This morning, Tuesday June 21, Gov. Walker went on the CNBC morning business show, Squawk Box, to promote Wisconsin as "open for business." Below are some of the real stats behind his "job creation" plan.
Walker’s Budget Repair Bill Could Cost The State Nearly 22,000 Jobs. In March 2011, the Wisconsin State Journal wrote about a study that claimed that Wisconsin would shed jobs under Gov. Walker’s proposed budget repair bill:
Gov. Scott Walker's plans to balance the state budget by cutting spending and public workers' take-home pay will slow the state's economic recovery, according to projections by a UW-Madison economist.
An estimated 21,843 jobs will be lost over the next year or two as public agencies and workers are able to spend less in their communities, said Steven Deller, a professor of applied economics who studied the ripple effects of Walker's budget-repair bill and two-year budget proposal. [Wisconsin State Journal, 03/20/11]
Walker Refused Federal Money That Would Have Created Thousands Of Jobs In WI. "We're giving away $810 million that will go to some other state, and we'll be losing out on anywhere from 4,700 to well over 10,000 jobs," fumed State Sen. Spencer Coggs, who was president of an AFSCME local before being elected to the Legislature. … Thus, Walker drew more than nine times the contributions from highway contractors than his Democratic opponent Tom Barrett. [Commentary, In These Times, 11/16/2010]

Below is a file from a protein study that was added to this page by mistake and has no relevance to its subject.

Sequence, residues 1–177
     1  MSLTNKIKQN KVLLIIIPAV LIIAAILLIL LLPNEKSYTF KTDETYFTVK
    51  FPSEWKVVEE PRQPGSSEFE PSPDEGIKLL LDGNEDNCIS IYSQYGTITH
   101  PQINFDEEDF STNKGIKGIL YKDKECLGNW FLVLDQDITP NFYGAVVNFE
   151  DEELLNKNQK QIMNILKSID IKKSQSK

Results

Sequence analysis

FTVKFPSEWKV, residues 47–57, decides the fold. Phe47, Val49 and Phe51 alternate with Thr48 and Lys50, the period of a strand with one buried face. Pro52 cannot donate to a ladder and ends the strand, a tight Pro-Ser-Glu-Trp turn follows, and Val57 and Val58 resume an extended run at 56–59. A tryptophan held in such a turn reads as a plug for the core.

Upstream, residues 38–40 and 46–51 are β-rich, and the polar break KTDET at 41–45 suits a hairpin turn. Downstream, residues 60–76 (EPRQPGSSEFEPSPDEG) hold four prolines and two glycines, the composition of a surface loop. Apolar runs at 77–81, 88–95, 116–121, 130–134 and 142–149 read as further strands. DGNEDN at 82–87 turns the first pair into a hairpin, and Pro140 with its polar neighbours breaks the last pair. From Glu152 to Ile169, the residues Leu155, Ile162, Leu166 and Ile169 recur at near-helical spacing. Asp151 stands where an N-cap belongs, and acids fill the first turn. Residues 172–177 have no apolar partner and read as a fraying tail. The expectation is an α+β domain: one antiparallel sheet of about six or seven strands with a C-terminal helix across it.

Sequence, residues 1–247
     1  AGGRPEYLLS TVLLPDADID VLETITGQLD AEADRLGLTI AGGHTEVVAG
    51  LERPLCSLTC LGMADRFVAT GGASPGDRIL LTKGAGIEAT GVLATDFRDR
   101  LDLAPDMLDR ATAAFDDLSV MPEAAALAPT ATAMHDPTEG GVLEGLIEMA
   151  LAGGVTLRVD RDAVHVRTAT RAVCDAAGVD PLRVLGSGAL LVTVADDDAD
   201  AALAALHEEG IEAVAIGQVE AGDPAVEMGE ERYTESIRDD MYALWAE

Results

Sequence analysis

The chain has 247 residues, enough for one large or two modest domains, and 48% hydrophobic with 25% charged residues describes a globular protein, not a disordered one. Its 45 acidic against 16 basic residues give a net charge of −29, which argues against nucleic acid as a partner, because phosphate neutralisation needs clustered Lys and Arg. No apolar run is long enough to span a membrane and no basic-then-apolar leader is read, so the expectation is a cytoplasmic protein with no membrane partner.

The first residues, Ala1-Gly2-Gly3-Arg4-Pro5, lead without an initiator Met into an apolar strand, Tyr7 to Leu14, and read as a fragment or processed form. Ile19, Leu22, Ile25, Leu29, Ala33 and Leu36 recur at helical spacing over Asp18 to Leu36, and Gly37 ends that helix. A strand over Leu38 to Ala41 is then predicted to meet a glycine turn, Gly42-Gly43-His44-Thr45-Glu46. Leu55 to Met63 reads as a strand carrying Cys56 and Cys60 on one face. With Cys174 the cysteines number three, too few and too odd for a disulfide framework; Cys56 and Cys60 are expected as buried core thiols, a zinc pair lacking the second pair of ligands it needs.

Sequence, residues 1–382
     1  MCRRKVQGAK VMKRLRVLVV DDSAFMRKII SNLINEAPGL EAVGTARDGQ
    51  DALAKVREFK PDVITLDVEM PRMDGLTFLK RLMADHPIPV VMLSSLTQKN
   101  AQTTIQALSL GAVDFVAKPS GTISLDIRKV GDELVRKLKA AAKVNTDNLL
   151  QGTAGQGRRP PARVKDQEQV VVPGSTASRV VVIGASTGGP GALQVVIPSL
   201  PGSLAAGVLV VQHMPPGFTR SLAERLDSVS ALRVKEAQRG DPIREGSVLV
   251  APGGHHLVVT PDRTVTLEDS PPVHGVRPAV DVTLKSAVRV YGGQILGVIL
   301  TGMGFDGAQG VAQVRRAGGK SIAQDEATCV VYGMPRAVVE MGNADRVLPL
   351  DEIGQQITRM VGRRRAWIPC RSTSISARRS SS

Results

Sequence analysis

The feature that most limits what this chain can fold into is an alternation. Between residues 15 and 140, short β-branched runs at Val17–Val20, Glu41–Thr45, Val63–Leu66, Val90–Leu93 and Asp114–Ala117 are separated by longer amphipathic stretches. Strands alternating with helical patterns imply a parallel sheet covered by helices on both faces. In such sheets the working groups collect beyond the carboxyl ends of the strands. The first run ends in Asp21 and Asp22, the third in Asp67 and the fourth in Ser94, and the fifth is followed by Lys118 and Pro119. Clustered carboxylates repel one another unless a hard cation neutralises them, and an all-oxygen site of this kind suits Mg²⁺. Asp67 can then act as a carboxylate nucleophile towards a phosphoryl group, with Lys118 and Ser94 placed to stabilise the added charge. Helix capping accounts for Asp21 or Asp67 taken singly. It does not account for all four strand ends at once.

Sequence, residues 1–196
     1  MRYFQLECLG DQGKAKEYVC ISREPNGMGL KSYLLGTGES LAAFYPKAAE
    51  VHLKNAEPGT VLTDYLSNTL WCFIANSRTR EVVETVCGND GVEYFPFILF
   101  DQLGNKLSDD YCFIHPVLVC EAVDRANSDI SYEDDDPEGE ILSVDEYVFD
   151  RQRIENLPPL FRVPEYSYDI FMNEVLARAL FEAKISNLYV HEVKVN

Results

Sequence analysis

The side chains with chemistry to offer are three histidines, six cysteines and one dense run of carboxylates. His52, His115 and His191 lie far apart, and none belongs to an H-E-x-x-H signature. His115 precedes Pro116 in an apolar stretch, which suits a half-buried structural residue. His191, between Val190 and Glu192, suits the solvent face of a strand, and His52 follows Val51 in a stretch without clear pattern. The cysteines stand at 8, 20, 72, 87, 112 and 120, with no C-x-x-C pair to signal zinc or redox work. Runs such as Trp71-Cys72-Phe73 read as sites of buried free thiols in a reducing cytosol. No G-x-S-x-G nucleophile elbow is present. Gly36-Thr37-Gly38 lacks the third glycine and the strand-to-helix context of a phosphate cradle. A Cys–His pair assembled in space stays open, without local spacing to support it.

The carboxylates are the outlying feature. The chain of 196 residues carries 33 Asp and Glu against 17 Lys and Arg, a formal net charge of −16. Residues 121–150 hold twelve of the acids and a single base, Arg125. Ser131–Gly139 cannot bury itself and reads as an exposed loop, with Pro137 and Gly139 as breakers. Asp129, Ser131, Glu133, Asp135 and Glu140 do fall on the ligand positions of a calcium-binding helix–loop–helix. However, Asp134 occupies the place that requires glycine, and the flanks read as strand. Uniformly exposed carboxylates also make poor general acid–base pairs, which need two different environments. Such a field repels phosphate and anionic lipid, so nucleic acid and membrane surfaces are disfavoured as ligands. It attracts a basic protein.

Walker’s Refusal Of Rail Funds Cost The State A Major Train Manufacturing Plant. A December 2010 story in the Wisconsin State Journal about Gov. Walker turning down $810 million in federal funds for high-speed rail quoted a spokesperson for Talgo, a train manufacturer with a major manufacturing plant in Wisconsin:
Nora Friend, a spokeswoman for the Talgo train manufacturing company, called the loss of funds “terrible news” for Wisconsin, for the company and its Milwaukee manufacturing plant, and for vendors and workers throughout the state.
“It sends a terrible message to businesses that are considering coming to Wisconsin,” Friend said.
She added Talgo will close its Milwaukee plant, probably in early 2012, and likely will lay off more than half of the 125 workers it expects to have on its payroll at that time. She said she doesn’t know where the plant will relocate.
“We’ll go where there’s business,” Friend said. [Wisconsin State Journal, 12/10/10]
Click here to read the local editorial from the Capitol Times, "Walker to promote himself, not Wisconsin on Squawk Box."